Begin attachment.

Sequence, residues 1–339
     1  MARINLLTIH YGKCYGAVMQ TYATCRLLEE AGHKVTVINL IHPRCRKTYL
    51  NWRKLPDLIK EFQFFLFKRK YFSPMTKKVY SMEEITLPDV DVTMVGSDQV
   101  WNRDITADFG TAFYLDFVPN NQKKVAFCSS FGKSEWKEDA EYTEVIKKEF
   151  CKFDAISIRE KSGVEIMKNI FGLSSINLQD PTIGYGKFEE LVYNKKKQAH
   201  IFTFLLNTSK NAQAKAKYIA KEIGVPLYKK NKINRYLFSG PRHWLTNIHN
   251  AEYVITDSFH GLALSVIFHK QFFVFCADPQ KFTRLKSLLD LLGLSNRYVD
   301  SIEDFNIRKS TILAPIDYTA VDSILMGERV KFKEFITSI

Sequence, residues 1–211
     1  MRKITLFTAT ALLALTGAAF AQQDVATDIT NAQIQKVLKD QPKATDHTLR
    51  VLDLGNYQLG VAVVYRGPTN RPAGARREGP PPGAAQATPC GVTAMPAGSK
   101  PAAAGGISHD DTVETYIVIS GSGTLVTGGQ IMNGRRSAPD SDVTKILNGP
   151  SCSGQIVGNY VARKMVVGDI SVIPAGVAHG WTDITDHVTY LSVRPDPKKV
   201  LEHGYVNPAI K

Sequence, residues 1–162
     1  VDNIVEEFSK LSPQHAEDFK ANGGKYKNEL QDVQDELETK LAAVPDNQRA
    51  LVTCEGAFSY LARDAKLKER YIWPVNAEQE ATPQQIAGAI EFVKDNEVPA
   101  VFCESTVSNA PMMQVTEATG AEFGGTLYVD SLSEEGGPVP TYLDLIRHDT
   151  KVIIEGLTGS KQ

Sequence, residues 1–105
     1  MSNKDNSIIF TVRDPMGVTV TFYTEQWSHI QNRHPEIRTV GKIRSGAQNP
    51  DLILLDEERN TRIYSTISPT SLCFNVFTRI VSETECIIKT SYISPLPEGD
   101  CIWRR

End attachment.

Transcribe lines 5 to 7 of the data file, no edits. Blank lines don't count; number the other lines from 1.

   151  CKFDAISIRE KSGVEIMKNI FGLSSINLQD PTIGYGKFEE LVYNKKKQAH
   201  IFTFLLNTSK NAQAKAKYIA KEIGVPLYKK NKINRYLFSG PRHWLTNIHN
   251  AEYVITDSFH GLALSVIFHK QFFVFCADPQ KFTRLKSLLD LLGLSNRYVD